Mentions: Variations between populations in genetic diversity were positively correlated to variations in LTE (Table 3; Figure 2). This correlation was highly significant for He. While not significant at the 0.05 level, Div and PPL also showed largely positive covariation with LTE. The example of the He-LTE correlation is used to show that this correlation remained largely unaltered when the uncertainties in the estimates of He and LTE were fully taken into account, and is robust to a large decrease of the number of loci on which genetic diversity was computed (Figure 3). This positive relation implies that butterflies from populations with the highest genetic diversity had a mean lifetime expectancy up to c. 25% higher than butterflies from populations characterised by a low genetic diversity.

Bottom Line: Theory predicts that lower dispersal, and associated gene flow, leads to decreased genetic diversity in small isolated populations, which generates adverse consequences for fitness, and subsequently for demography.Our results suggest that dispersal is a very important factor maintaining genetic diversity.This result may be especially pertinent for species at their range margins, particularly in this era of rapid environmental change.

View Article: PubMed Central - HTML - PubMed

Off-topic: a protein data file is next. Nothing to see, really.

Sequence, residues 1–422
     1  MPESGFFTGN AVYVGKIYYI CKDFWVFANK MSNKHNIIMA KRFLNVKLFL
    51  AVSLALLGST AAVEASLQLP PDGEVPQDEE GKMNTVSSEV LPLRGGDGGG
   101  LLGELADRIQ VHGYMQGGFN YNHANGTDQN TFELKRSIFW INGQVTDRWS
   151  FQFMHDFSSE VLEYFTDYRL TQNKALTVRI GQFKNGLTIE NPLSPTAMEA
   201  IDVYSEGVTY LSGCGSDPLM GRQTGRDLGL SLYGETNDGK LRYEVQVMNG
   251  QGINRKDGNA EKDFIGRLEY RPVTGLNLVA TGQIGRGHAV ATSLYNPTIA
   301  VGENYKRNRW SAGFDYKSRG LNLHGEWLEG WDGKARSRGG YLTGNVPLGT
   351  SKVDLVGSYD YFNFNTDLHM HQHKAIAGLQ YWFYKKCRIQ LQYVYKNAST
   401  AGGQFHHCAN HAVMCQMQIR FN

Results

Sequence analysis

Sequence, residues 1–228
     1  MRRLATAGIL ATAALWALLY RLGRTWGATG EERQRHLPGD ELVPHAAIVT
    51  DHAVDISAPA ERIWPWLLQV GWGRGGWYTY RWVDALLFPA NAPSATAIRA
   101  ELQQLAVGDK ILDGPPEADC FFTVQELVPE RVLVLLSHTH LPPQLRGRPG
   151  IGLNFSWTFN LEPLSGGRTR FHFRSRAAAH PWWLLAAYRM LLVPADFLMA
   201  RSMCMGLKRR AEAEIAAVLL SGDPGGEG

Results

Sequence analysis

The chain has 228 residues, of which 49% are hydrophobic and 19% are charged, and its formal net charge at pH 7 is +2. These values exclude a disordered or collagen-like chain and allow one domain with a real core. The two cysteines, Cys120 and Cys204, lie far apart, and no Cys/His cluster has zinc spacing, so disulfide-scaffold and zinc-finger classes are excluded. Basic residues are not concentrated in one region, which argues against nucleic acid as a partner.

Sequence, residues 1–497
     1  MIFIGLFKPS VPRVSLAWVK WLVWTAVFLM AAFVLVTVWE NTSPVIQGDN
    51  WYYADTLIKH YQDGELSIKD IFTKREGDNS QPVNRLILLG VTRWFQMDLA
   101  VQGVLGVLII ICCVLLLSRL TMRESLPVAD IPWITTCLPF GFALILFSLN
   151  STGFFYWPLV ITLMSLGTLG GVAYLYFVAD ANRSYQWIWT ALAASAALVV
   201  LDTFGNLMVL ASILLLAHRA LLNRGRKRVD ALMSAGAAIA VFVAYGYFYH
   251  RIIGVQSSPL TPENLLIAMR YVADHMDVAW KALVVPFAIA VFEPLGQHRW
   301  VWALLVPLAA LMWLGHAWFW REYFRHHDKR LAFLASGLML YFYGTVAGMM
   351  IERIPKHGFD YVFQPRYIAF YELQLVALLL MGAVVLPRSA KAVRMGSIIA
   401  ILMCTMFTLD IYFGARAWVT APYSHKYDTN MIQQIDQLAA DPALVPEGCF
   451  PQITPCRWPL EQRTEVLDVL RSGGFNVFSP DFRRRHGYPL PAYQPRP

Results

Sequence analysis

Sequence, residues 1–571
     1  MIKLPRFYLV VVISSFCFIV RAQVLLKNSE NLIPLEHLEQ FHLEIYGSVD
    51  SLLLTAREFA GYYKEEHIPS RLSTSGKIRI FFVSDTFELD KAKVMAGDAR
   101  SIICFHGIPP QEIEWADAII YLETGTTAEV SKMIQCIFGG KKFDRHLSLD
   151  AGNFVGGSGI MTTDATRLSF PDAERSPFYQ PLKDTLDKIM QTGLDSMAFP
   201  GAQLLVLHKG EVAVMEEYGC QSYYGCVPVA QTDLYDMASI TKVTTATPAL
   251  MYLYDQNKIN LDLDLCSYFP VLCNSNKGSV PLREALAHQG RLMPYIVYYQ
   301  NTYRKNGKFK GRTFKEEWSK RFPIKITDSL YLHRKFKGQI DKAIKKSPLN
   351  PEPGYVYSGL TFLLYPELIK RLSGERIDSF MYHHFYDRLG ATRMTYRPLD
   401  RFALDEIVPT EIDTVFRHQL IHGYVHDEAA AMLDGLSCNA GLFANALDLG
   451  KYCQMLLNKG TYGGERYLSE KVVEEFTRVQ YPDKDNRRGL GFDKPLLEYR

Affiliation: Biodiversity Research Centre, Université catholique de Louvain, Place Croix du Sud 5, 1348 Louvain-la-Neuve, Belgium. sofie.vandewoestijne@uclouvain.be

ABSTRACT

Background: Theory predicts that lower dispersal, and associated gene flow, leads to decreased genetic diversity in small isolated populations, which generates adverse consequences for fitness, and subsequently for demography. Here we report for the first time this effect in a well-connected natural butterfly metapopulation with high population densities at the edge of its distribution range.

Results: We demonstrate that: (1) lower genetic diversity was coupled to a sharp decrease in adult lifetime expectancy, a key component of individual fitness; (2) genetic diversity was positively correlated to the number of dispersing individuals (indicative of landscape functional connectivity) and adult population size; (3) parameters inferred from capture-recapture procedures (population size and dispersal events between patches) correlated much better with genetic diversity than estimates usually used as surrogates for population size (patch area and descriptors of habitat quality) and dispersal (structural connectivity index).

Conclusion: Our results suggest that dispersal is a very important factor maintaining genetic diversity. Even at a very local spatial scale in a metapopulation consisting of large high-density populations interconnected by considerable dispersal rates, genetic diversity can be decreased and directly affect the fitness of individuals. From a biodiversity conservation perspective, this study clearly shows the benefits of both in-depth demographic and genetic analyses. Accordingly, to ensure the long-term survival of populations, conservation actions should not be blindly based on patch area and structural isolation. This result may be especially pertinent for species at their range margins, particularly in this era of rapid environmental change.

Show MeSH